How To Avoid a Blown Head Gasket – GEN III

How To Avoid a Blown Head Gasket – GEN III

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Blown head gaskets are nothing new for GM GEN III truck and van owners, who have found many different ways to avoid overheating. Despite these measures however the possibility of warping your head gasket is still very much a problem in 5.3L, 5.0L and 5.7L versions of the GEN III powerplant.

For those who have found this article from our Budget LS Swap builds or Budget LS blocks, these steps on how to avoid a blown head gasket are crucial. LM7, LR4, L33, LQ9 blocks are just some of the examples of budget minded iron GEN III GM blocks that can have similar overheating issues.

For a complete breakdown on GM RPO or what the terms LM, LQ, LR mean, click our GM RPO Guide for further details.

 

These steps on how to avoid a blown head gasket are just simple guidelines for you to perform while your LS swap is out of the car. Before swapping in your 5.3, 5.0 or 5.7L GM engine, check for some simple gremlins that are most common in blown head gaskets.

  • Water pump issues.
  • Coolant thermostat failure.
  • Radiator or Radiator Hose leak.
  • Not enough cooling capacity
  • Leak from block deck

These are some of the issues that can lead to overheating issues in your GEN III GM block, however they aren’t the only issues. Let’s dive right into our checklist on How To Avoid a blown head gasket.

Block Deck Leaks

Address any leaks from the block deck, or the surface between the engine block that mates with the cylinder head. This common issue is usually overlooked by most people, causing them to just fill the radiator when low.

Problem is this can develop into an internal hot spot which can cause the cooling system from pressurizing. Without proper pressure the cooling system will not work correctly. These hot spots can further go on to melt head gasket material, especially graphite or non-metallic gaskets.

Coolant Leaks

As self explanatory as any entry on our How To Avoid a Blown Head Gasket checklist, making sure to regularly check your car for any coolant leaks is vital. Address any leaks immediately and replace any of the parts that may have caused said leak right away.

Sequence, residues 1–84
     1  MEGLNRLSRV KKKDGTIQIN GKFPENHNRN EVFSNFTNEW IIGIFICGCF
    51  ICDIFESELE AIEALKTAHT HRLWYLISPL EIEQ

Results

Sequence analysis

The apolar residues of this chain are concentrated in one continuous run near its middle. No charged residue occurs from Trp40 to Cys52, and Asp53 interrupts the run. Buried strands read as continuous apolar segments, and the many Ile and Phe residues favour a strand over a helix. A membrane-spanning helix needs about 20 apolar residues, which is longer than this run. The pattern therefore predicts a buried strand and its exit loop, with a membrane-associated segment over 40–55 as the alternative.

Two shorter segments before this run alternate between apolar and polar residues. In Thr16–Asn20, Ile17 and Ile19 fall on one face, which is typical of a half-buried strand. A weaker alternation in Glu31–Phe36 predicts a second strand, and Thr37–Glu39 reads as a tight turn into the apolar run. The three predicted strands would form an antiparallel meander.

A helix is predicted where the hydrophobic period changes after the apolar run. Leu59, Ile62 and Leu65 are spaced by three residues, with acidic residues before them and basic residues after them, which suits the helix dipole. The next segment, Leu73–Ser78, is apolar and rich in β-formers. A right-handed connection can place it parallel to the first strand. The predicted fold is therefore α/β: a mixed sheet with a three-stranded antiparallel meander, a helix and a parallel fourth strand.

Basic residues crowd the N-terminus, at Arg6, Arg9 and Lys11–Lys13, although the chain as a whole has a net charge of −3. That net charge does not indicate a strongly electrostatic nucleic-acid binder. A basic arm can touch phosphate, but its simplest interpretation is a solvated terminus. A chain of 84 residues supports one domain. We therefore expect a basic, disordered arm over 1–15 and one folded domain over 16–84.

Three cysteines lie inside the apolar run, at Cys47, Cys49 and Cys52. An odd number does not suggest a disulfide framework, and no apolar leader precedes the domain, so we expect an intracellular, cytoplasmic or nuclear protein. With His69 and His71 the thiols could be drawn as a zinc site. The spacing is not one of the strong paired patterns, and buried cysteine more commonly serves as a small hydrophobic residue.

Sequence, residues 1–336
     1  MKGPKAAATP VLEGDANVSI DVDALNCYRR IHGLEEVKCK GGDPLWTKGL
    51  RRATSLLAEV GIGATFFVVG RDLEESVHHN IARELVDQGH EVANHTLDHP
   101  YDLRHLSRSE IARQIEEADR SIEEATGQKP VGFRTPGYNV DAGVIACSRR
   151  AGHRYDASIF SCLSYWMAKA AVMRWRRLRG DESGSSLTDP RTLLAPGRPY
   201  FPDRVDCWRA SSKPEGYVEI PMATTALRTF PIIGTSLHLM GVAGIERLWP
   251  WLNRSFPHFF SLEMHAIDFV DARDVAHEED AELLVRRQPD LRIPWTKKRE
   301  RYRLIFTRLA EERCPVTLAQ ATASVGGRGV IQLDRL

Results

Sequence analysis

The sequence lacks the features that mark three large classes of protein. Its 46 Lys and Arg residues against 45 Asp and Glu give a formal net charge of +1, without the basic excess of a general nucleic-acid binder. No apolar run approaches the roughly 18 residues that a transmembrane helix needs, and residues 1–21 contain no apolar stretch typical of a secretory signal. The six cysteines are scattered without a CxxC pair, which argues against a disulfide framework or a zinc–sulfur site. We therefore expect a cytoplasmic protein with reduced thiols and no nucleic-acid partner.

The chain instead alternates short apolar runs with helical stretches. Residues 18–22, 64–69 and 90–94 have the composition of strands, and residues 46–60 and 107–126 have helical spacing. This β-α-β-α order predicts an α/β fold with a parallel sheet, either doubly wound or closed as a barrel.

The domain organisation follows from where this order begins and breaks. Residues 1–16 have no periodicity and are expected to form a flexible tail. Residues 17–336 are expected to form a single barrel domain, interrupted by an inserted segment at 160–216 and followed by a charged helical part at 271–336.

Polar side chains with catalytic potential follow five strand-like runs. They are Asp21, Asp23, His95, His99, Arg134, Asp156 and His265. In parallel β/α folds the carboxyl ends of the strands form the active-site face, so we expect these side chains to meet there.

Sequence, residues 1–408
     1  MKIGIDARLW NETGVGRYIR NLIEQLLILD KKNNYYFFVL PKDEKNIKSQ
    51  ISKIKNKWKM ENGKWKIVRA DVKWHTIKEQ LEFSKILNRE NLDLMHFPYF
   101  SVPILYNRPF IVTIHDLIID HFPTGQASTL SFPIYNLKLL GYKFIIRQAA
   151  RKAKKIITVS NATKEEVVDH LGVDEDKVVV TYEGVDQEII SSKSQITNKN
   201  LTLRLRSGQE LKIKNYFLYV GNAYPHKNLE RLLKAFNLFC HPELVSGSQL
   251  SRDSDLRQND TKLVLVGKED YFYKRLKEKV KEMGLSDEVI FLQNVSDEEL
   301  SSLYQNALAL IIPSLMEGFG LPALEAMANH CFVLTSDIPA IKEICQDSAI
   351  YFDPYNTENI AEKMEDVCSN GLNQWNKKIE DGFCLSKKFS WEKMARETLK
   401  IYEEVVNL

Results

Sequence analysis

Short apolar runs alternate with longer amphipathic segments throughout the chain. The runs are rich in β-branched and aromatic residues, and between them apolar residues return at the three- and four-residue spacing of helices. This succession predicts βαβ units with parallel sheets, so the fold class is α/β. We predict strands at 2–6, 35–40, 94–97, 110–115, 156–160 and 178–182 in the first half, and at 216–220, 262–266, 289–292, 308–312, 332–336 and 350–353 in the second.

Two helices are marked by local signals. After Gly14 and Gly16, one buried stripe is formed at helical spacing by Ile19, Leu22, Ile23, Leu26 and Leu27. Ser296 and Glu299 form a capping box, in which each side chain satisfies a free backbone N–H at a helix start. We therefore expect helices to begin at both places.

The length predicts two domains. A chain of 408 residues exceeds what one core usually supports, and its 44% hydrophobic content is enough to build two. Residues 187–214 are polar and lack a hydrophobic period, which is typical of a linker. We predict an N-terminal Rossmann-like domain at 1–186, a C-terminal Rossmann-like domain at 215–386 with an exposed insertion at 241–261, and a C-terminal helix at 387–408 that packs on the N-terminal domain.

Intake Manifold Gaskets

Probably one of the first modifications for your budget LS build, the intake manifold gaskets found on many GM GEN III motors features a plastic EGR seal. This EGR seal can melt away, causing coolant ports next to the seal to melt and leak into the engine. This issue is most common in Vortec 4.3L, 5.0L, and 5.7L engines.

how-to-prevent-blown-head-gasket

Replace your intake manifold gaskets at your first opportunity, your engine will thank you for it.

Service your Thermostat

Making sure your thermostat is in proper working order is a great idea on how to avoid a blown head gasket. You can even take this a step further and install a lower temp thermostat to help keep your engine as cool as possible. GM thermostats in the 150 or 160 fahrenheit range can be found at a very good price.

Because the thermostat can fail and become stuck closed, this is a very cheap item to check and replace on a regular basis.

Radiator Upgrades

If you are swapping a GEN III GM engine into your car, chances are you won’t be sticking with the OE radiator. Most OE radiators are single pass or dual pass units with plastic end tanks, and are not sufficient to keep a large engine cool.

Upgrade your radiator with a Koyo, Fluidyne or a Mishimoto radiator, and don’t forget that fan shroud and fan controller!

That does it for our how to avoid a blown head gasket tutorial, please leave us any comments or questions below!

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